Chinese inflation data released today delivered another dreary and largely predictable outcome in July.
Consumer price inflation (CPI) remains weak while upstream price pressures are moderating after a surge in the past year.
According to China’s National Bureau of Statistics (NBS), CPI rose by 0.1% in June, leaving the increase on a year earlier at 1.4%, the weakest increase since April.
Previously it grew by 1.5% in the 12 months to June, and was expected to remain unchanged.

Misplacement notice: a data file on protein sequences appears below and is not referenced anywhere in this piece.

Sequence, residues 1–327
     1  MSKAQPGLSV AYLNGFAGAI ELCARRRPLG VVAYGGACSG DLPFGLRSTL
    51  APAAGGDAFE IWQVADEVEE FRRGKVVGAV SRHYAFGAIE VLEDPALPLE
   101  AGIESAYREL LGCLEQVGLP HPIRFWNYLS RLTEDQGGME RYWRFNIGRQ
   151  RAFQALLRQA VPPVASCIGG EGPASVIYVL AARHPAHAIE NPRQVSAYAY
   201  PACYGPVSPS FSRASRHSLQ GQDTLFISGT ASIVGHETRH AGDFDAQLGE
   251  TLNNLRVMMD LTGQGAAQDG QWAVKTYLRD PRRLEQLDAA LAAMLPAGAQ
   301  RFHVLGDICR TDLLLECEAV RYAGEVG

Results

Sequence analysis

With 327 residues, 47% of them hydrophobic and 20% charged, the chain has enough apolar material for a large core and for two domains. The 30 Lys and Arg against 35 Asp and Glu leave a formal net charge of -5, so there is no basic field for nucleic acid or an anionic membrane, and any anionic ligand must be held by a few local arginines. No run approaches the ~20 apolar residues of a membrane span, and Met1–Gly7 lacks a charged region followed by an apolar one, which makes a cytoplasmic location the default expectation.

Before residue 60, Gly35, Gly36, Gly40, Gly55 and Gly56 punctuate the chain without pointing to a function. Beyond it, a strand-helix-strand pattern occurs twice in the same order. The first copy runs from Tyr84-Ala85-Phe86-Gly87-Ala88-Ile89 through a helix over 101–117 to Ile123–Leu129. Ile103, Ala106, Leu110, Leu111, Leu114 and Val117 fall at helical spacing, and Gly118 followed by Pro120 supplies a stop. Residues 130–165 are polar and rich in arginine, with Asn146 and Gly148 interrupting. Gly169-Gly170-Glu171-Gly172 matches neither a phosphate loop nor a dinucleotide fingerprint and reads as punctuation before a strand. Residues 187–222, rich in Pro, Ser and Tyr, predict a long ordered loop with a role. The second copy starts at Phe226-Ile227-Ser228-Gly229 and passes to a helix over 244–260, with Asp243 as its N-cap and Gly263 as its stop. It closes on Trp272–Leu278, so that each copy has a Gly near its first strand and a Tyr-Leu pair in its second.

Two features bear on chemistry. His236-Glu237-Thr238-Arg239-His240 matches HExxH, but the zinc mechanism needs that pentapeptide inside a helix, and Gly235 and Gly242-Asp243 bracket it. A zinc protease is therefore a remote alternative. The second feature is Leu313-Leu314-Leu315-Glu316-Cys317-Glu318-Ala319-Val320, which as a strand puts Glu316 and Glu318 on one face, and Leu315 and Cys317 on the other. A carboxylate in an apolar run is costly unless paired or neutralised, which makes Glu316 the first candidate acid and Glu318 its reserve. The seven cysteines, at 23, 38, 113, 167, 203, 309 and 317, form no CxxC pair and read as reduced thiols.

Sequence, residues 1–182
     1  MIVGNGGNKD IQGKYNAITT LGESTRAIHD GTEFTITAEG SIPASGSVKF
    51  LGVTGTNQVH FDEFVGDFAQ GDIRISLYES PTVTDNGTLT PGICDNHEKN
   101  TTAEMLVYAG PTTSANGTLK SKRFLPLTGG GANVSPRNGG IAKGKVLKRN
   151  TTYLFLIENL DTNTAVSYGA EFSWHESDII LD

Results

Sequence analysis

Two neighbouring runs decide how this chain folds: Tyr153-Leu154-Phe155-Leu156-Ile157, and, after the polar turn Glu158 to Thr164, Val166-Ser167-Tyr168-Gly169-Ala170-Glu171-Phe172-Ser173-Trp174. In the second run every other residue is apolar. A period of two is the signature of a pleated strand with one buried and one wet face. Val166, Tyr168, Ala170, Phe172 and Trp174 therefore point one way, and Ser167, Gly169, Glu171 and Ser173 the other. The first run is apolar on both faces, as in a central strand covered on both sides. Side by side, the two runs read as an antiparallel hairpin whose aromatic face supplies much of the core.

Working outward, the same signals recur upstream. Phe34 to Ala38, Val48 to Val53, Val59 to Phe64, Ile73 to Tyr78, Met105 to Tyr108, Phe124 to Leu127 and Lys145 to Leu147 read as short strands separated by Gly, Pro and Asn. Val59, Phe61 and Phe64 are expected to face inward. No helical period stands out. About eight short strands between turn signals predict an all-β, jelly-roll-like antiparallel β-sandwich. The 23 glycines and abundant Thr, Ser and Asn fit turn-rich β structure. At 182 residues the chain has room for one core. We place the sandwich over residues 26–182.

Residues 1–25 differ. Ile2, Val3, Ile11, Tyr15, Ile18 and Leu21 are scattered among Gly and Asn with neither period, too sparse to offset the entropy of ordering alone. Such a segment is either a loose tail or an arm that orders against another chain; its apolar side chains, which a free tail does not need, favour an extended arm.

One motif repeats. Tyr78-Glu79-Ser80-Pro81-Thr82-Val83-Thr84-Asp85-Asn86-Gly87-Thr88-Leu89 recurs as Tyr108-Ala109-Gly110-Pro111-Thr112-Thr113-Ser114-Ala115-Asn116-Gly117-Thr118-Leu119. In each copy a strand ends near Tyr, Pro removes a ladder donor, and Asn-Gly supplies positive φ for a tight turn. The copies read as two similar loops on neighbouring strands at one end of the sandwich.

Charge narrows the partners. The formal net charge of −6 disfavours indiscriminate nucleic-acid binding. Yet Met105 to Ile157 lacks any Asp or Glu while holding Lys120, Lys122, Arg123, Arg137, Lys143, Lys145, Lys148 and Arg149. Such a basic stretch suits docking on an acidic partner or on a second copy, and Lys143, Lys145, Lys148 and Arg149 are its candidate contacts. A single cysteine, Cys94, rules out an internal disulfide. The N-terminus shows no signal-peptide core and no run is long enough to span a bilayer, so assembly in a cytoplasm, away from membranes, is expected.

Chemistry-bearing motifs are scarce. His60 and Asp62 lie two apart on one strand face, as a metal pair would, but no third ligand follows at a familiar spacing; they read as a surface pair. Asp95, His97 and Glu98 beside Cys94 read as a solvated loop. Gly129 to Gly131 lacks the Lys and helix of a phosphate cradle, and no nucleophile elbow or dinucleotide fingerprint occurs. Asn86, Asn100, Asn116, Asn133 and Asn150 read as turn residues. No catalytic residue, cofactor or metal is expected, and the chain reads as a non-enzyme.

The NBS said that food prices fell 1.1% over that period, offset by an increase in non-food inflation of 2.0%.
Much of the decline in food prices was due to a decline in pork prices — a staple of the Chinese diet — falling by 15.5%, largely offsetting higher vegetable prices.
Like the CPI figure, producer price inflation (PPI) also offered up few market-moving surprises.
From a year earlier it grew by 5.5%, the same pace seen in the prior two months. That result was also in line with market expectations.
It grew by 0.2% from a month earlier, coinciding with a rebound in base and bulk commodity prices that began in June.
The NBS said the monthly increase largely reflected movements in steel and commodity markets.